The threat for flash flooding is expected to continue across the southwestern U.S. and into the southern/central Rockies over the next several days as the summer monsoon persists through mid-August.
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An approaching cold front stretching towards the central Rockies from the southern Plains will help focus additional rounds of thunderstorms across the high terrain of southern Colorado and northern New Mexico into Wednesday.
Flash Flood Watches have been issued in order to further highlight the concern.
For the Southwest, widespread anomalous atmospheric moisture content remains entrenched over the region and will allow for developing thunderstorms to contain heavy rainfall rates.
Overall, impacts through Thursday are expected to be localized and occur underneath isolated downpours.
The greatest risk for more scattered flash flooding extends along the U.S.-Mexico border from southern Arizona to far West Texas.
An influx of additional moisture associated with a low pressure system, which originated across the western Gulf of Mexico last weekend, will aid in numerous thunderstorms across this region on Wednesday and Thursday.
A Slight Risk (level 2/4) of Excessive Rainfall has been issued.
The other area at risk for flash flooding over the next few days is along and near a stationary boundary draped from the Southeast to the southern Plains.
Numerous showers and thunderstorms are likely to the north of this boundary from southern Missouri to northern Arkansas tonight, which could add up to a few inches of rain and scattered flash flooding.
By Wednesday and Thursday, the threat of locally intense rainfall rates should expand along the aforementioned boundary and stretch from the Lower Mississippi Valley to the coastal Carolinas.
Some spots within this area could receive several inches of rainfall, leading to localized flooding concerns.
Additionally, a few storms will have the potential to strengthen and produce frequent lightning along with isolated damaging wind gusts.
Elsewhere, scattered thunderstorms are possible across the northern Plains and Upper Midwest through Thursday.
A few storms could turn severe and produce damaging wind gusts and large hail through tonight.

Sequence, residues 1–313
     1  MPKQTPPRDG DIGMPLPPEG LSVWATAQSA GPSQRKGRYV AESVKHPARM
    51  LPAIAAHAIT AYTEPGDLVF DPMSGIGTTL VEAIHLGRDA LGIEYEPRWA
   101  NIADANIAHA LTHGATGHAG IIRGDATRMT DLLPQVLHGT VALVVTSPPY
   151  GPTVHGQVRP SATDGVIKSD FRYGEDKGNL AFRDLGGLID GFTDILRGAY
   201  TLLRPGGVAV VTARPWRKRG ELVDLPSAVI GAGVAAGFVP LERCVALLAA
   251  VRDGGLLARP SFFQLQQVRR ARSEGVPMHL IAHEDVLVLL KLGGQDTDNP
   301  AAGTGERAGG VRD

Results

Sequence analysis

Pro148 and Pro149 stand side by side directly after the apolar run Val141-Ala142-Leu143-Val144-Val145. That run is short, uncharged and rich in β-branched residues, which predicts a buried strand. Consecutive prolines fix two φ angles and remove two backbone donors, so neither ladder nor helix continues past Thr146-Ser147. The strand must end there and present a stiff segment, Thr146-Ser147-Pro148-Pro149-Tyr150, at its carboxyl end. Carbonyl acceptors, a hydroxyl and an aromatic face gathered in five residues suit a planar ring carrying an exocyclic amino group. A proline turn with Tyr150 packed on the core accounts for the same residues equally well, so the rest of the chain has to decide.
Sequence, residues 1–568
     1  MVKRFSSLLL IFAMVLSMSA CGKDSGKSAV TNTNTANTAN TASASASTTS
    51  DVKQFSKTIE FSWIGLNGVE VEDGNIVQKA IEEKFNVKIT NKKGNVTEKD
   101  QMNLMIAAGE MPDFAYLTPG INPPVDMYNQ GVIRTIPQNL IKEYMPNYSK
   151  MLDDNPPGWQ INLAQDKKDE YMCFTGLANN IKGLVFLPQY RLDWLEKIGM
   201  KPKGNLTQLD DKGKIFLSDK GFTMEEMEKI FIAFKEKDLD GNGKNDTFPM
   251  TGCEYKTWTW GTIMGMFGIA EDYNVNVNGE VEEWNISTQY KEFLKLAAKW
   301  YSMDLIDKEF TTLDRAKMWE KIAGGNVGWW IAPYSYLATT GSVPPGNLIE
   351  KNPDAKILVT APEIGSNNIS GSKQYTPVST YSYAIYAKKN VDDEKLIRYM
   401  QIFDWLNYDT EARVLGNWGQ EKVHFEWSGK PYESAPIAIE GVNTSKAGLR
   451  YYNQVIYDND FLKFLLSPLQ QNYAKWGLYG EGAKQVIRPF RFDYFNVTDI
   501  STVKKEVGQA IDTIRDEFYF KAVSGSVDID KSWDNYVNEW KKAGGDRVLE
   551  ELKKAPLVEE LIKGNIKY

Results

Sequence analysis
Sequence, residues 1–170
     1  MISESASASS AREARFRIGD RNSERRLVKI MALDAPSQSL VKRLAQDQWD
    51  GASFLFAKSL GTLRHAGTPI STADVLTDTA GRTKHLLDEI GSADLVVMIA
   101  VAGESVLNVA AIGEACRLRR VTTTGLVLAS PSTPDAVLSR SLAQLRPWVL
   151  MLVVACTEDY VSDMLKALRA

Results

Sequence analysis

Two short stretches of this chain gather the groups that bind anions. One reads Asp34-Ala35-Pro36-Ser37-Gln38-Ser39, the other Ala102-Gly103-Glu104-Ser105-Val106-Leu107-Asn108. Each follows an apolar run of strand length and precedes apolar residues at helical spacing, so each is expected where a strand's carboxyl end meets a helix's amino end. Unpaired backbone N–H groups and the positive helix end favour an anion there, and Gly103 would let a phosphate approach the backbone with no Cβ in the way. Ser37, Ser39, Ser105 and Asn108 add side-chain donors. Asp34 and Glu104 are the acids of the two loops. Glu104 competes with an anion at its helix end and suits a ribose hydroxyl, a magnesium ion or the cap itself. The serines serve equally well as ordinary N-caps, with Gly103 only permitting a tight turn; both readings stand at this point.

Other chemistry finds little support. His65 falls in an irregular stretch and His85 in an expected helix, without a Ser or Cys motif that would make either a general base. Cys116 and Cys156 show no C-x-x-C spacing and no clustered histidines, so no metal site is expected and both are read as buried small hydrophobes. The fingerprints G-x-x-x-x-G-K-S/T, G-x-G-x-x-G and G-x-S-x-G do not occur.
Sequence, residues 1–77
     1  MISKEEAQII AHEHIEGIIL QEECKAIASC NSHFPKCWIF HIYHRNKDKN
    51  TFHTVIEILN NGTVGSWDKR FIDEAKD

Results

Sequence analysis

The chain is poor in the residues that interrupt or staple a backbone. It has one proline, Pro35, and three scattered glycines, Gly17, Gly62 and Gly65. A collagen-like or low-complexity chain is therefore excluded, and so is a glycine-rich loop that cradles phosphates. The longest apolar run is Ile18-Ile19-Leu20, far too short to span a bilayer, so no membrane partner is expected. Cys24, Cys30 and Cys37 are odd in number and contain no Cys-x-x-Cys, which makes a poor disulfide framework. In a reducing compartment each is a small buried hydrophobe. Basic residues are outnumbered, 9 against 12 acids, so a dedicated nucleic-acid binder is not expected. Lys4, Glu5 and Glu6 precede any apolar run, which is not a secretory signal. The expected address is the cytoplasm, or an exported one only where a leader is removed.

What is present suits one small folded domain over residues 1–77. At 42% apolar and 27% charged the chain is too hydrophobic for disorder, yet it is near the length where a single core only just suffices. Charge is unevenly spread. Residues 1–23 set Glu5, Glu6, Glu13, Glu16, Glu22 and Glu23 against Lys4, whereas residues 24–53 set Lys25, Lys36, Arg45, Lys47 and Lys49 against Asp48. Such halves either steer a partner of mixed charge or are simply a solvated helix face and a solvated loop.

For New England, a developing coastal storm is forecast to swing northward into the Gulf of Maine on Wednesday.
Moderate-to-locally heavy rain is possible from eastern Massachusetts to northern Maine beginning late tonight, with most rainfall characterized as beneficial for the drought-stricken regions.
Gusty winds along coastal sections of New England are also expected, which has prompted High Surf and Wind Advisories to issued for much of Cape Cod and eastern Massachusetts.
A few more days of dangerous heat is in store for parts of Texas and the Gulf Coast before the approaching frontal boundary offers additional cloud cover and cooler temperatures.
Highs on Wednesday are still anticipated to reach the triple digits throughout central/eastern Texas and northern Louisiana, with humidity causing heat indices to near 110 degrees.
By Thursday, the above average and oppressive temperatures are forecast to shrink and consolidate to south-central Texas and the middle/upper Texas Gulf Coast.
The most anomalous and potentially record-breaking heat shifts into the Northwest through the end of this week as upper-level ridging builds over the regions.
Highs are forecast to soar into the upper 90s and triple digits from central California to the northern Great Basin.
This equates to high temperatures around 10-20 degrees above average compared normal mid-August conditions.
Several daily high temperature records are expected to be either tied or broken on Wednesday throughout central/northern California, Idaho, Oregon, and Washington, with additional records possible on Thursday.
Excessive Heat Warnings and Heat Advisories have been issued along the western United States.
For the rest of the nation, comfortable below average to near average temperatures are anticipated. ■